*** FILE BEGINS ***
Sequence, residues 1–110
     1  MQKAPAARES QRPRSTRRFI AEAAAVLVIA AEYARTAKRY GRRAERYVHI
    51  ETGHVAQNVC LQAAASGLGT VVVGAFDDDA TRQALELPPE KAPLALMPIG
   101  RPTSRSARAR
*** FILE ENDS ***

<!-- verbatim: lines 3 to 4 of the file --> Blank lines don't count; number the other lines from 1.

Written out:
    51  ETGHVAQNVC LQAAASGLGT VVVGAFDDDA TRQALELPPE KAPLALMPIG
   101  RPTSRSARAR